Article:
Northern Light Health Announces Endorsement of Question 4
During a press conference on November 1 at Northern Light Eastern Maine Medical Center, Northern Light Health joined the Maine Hospital Association and the Maine Rural Health Collaborative in announcing their support of Question 4. This Maine ballot question asks voters whether to approve $49M for the University of Maine System to expand workforce development capacity and to attract and retain students to strengthen Maine’s economy and future workforce.
Steven Rich, vice chair of the Northern Light Health Board of Directors, shares, “Maine’s Nursing Action Coalition estimates that the shortage of nurses will be 2,700 by 2025. The updated estimate reflects the important work underway to increase the number of new nurse graduates from a baseline of 650 annually to 1,050 new nurses each year. We’ve made important progress, but much work remains as we are now at 800 new nurse graduates per year.”
Nursing leaders from clinical and educational programs are working together throughout Maine developing collaborative partnerships to address the state’s nursing workforce challenge. Increasing the number of new graduates to 800 per year consumes our current resources. “If we don’t put additional resources and infrastructure in place for strong nursing programs, we will not be well positioned to meet the future demand for nurses,” commented Lisa Harvey-McPherson, RN, vice president of Government Relations, Northern Light Health. “If approved, Question 4 will provide $12M towards expanding University of Maine nursing programs. While this is not the full answer to our growing nursing shortfall, it is a large step in the right direction.”
"If approved, Question 4 will provide $12M towards expanding University of Maine nursing programs. While this is not the full answer to our growing nursing shortfall, it is a large step in the right direction."
“The Maine University Nursing Workforce Plan will double nursing enrollment and expand nursing education throughout high-need regions of the state,” said James H. Page, chancellor of the University of Maine System. “It will take partnership, innovation, and voter-supported investment to implement the university nursing plan fully. Together, we will work to preserve access to high quality care throughout the state.”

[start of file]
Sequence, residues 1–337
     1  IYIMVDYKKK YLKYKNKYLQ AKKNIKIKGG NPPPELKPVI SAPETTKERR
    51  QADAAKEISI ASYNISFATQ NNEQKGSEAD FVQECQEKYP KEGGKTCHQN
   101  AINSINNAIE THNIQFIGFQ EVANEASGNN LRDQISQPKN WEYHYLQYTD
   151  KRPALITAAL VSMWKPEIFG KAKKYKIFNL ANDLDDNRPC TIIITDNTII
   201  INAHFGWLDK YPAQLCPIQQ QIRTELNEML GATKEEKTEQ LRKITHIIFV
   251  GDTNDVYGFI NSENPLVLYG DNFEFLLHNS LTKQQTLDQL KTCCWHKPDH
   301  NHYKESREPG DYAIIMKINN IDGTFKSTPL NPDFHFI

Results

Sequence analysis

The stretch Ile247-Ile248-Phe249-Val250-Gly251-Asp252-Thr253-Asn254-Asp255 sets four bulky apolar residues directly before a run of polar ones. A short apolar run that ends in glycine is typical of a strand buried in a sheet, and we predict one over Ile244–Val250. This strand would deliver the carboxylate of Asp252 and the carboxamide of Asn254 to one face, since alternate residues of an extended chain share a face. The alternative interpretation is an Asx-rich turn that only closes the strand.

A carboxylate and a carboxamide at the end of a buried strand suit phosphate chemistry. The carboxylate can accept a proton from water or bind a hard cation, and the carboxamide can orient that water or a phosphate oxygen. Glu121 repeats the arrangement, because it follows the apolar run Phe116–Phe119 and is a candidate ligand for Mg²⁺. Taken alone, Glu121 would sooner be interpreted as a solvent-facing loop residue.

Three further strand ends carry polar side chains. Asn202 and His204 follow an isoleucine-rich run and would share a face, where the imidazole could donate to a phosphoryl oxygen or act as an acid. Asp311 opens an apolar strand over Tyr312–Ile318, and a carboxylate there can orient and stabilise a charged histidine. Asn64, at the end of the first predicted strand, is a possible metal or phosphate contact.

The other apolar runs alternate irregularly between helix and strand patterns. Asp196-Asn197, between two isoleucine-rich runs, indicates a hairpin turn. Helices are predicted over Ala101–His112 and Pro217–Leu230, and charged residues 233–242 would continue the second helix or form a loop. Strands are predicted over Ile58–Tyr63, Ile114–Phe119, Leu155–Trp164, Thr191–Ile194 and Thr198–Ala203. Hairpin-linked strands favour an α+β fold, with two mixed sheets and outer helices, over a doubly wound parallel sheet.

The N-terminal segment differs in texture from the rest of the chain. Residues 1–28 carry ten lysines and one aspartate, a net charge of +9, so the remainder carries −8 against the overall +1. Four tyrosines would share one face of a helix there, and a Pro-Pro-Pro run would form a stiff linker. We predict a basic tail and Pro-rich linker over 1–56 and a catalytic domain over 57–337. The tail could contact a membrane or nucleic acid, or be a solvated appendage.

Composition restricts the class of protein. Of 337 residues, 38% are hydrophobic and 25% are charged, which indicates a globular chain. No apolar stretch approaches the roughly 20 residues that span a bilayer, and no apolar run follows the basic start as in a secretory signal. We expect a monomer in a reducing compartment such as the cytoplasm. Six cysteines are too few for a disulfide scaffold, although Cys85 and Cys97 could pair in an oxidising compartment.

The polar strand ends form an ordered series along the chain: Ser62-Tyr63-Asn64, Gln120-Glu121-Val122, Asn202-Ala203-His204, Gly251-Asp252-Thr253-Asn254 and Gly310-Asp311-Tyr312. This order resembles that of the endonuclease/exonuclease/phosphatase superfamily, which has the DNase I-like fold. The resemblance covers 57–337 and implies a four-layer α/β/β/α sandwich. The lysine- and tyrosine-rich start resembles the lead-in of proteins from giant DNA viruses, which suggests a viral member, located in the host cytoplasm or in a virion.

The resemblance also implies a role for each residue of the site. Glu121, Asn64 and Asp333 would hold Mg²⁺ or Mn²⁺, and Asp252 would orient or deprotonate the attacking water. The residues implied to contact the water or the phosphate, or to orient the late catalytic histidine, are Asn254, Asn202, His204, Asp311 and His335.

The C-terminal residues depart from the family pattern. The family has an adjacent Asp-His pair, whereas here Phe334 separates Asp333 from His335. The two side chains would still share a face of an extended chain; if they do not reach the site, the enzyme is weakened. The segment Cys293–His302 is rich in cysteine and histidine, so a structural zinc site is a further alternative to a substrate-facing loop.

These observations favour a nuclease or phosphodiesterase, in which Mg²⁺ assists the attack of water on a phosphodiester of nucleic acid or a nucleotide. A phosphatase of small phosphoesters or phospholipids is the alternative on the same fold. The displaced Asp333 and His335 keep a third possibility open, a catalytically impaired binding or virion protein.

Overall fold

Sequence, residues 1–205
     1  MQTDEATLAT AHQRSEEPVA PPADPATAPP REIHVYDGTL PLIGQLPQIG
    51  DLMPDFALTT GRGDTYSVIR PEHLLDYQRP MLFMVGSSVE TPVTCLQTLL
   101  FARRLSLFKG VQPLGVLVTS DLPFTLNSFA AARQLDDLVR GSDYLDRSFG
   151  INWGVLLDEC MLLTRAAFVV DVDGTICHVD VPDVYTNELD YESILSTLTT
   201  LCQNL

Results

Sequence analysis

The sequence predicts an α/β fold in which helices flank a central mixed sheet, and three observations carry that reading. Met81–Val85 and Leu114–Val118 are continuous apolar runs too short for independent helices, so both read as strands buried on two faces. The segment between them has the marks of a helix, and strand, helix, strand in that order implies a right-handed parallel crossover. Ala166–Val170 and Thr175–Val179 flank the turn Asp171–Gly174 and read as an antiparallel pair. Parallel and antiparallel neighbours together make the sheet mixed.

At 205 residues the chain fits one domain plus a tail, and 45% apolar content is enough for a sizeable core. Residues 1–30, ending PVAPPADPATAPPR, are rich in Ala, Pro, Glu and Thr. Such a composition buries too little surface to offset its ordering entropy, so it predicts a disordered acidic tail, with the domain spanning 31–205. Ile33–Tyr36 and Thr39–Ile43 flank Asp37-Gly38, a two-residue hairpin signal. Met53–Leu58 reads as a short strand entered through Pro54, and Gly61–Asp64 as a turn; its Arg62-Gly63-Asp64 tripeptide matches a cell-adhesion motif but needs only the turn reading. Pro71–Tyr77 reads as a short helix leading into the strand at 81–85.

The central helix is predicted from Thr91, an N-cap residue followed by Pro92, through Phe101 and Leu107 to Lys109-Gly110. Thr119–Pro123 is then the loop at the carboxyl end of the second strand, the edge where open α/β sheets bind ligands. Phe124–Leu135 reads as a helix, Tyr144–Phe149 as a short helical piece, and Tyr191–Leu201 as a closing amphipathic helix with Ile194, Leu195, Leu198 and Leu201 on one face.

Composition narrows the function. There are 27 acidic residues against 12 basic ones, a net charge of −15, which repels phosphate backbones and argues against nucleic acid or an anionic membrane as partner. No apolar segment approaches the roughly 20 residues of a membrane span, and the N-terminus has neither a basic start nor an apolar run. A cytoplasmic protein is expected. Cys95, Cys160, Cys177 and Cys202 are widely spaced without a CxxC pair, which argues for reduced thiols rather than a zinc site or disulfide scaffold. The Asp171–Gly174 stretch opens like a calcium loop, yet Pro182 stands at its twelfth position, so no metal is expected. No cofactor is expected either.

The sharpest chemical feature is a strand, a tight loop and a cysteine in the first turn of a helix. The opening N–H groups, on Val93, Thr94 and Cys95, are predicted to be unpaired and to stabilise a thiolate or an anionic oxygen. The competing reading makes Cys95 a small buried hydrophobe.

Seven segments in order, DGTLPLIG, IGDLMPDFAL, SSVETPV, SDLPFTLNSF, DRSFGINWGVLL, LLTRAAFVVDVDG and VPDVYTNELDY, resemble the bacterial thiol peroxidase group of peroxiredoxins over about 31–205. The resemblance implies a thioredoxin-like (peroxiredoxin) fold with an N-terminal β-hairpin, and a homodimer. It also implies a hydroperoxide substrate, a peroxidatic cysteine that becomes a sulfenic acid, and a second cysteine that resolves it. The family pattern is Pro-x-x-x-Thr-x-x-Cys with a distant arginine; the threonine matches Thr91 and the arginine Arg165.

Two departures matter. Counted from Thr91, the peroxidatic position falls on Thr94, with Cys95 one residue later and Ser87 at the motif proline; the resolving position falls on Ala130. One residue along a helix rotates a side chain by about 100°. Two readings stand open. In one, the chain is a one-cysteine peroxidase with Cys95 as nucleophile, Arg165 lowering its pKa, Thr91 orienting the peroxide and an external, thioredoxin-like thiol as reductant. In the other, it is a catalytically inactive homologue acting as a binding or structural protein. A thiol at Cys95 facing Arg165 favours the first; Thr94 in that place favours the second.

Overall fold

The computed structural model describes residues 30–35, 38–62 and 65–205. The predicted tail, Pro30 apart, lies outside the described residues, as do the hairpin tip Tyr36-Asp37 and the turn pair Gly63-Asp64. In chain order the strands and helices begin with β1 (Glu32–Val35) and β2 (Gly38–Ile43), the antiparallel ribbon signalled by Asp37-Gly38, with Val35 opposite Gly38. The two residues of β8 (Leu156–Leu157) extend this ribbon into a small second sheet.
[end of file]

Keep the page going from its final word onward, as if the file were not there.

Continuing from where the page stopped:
The press conference today included a tour of Northern Light Eastern Maine Medical Center’s nursing simulation laboratory. The simulation lab is a partnership between local colleges and the medical center to provide staff and future healthcare providers the opportunity to simulate not only emergencies but everyday care delivery systems. This sim lab and the development of dedicated education units will allow movement toward the goal of accommodating double the number of nursing students for clinical rotations and experiences.
“Healthcare providers and educational institutions cannot solve the upcoming nursing shortages separately. By working together, we will be able to meet the promise made to our communities by having the care providers we need to care for our current and future patients,” said Deborah Sanford, MBA, MSN, RN, vice president of Nursing and Patient Care Services.
In addition to Question 4, Northern Light Health is also endorsing Question 5, which asks voters whether they would favor a $15,000,000 bond issue to improve educational programs by upgrading facilities at all seven of Maine's community colleges in order to provide Maine people with access to high-skill, low-cost technical and career education. Harvey-McPherson says, “Resources provided by Question 5 will renovate and expand instructional laboratories, information technology infrastructure, library services and classrooms needed to support a variety of degrees sought by Northern Light Health member organizations including nursing, medical assistants, and various technology professions.”
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